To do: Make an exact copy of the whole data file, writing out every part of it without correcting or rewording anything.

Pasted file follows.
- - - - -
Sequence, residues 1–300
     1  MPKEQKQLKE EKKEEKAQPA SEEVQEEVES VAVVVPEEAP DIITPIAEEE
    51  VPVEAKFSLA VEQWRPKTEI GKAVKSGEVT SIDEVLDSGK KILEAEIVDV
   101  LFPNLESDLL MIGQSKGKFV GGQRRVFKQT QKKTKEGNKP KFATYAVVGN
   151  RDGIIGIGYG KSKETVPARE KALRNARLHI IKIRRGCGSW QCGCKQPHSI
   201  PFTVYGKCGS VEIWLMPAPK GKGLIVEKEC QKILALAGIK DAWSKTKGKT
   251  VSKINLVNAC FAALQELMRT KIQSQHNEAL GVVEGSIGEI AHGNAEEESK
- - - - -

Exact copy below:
Sequence, residues 1–300
     1  MPKEQKQLKE EKKEEKAQPA SEEVQEEVES VAVVVPEEAP DIITPIAEEE
    51  VPVEAKFSLA VEQWRPKTEI GKAVKSGEVT SIDEVLDSGK KILEAEIVDV
   101  LFPNLESDLL MIGQSKGKFV GGQRRVFKQT QKKTKEGNKP KFATYAVVGN
   151  RDGIIGIGYG KSKETVPARE KALRNARLHI IKIRRGCGSW QCGCKQPHSI
   201  PFTVYGKCGS VEIWLMPAPK GKGLIVEKEC QKILALAGIK DAWSKTKGKT
   251  VSKINLVNAC FAALQELMRT KIQSQHNEAL GVVEGSIGEI AHGNAEEESK